Thanks to Tony Sertich’s op-ed in this morning’s St. Cloud Times and Mark Dayton repeatedly saying he’ll tax minnesota’s job creators into submission, we now have the outlines of the DFL’s job creation strategy. Here’s what Rep. Sertich said about the DFL’s most recent job creation bill:

On Aug. 3, Minnesota held its bond sale, putting up for bid state bonds that will fund ag loans, transportation projects, and various infrastructure improvements across the state. The sale was a resounding success, with competition among private bidders resulting in a historically low interest rate that will save Minnesota taxpayers millions of dollars.

The results of this sale made clear this year’s quick and decisive passage of a bonding bill by House Democrats was exactly the right thing to do. Bids will now be let for projects such as road and bridge improvements, clean water and improvements to our state colleges and universities.

As many as 20,000 construction jobs will be created, as well as hundreds of spinoff jobs in areas such as manufacturing, materials supply, food service, health care and retail. Communities across the state benefit when workers come to eat at their restaurants, buy gas at their gas stations and shop in their stores.

As fascinating as that was, this paragraph was most revealing:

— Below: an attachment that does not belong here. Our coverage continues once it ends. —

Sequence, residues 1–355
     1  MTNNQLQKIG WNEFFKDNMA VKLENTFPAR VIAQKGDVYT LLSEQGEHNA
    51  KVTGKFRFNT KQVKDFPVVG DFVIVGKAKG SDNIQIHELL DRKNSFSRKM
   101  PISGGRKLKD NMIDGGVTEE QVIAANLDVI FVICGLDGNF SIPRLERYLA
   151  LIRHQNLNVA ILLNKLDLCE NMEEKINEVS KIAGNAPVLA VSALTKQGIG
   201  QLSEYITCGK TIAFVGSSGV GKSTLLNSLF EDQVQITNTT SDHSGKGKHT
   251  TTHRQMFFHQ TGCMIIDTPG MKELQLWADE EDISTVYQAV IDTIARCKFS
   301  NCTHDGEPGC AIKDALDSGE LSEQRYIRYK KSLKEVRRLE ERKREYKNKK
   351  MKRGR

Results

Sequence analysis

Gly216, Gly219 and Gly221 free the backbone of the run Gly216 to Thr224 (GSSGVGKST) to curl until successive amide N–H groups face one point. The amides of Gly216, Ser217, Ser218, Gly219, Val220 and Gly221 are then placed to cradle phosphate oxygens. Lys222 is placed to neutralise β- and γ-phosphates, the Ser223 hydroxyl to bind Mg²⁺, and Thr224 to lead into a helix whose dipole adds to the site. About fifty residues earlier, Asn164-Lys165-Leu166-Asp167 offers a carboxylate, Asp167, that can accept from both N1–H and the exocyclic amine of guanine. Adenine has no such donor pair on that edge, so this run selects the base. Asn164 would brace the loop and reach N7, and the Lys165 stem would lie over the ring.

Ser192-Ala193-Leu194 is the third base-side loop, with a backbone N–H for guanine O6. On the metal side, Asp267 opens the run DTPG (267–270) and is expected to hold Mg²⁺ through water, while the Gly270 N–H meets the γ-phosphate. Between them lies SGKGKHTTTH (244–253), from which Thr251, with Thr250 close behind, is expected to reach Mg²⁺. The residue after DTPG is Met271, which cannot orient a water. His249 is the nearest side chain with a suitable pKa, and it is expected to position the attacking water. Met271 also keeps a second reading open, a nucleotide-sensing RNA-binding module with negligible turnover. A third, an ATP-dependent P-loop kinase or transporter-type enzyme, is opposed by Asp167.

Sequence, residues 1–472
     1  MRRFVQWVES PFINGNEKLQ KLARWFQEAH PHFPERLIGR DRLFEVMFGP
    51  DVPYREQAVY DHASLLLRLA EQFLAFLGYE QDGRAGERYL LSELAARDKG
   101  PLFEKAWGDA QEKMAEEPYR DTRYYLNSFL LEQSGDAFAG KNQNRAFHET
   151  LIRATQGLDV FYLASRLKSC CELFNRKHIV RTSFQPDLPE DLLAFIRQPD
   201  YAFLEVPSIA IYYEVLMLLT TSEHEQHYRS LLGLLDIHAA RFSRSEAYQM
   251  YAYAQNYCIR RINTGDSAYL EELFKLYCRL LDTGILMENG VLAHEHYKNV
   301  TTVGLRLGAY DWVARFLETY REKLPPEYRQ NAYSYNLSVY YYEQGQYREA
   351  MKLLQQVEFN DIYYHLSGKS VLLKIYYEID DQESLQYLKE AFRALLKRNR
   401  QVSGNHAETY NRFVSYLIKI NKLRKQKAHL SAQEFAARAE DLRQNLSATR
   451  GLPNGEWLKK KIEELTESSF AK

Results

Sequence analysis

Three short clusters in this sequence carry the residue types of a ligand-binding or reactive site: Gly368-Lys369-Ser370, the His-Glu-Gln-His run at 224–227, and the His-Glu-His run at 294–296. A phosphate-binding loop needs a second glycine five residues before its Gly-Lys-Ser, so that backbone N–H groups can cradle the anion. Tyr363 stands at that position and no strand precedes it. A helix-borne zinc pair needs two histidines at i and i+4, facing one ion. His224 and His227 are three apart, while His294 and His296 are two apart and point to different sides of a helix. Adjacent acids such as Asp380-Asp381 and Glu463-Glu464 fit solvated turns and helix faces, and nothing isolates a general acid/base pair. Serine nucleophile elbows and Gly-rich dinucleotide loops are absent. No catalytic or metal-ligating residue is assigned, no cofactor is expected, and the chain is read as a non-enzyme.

For more than 150 years, bonding bills have been exactly what Minnesota needed to stimulate the economy and create jobs. Minnesota’s businesses, workers and families can feel confident we will continue to make job creation our top priority, with a responsible bonding bill as the cornerstone.

There it is!!! Rep. Sertich admits that the DFL’s annual bonding bills are the Minnesota equivalent of a federal stimulus package. He’s just admitted that we’re spending money we don’t have on projects we don’t need. What Rep. Sertich didn’t admit, though, is that the people getting the jobs are the DFL’s union allies. Certainly, the IBEW and other construction unions benefit greatly from the DFL’s spending our money. In return, the DFL benefits greatly from the unions’ campaign contributions.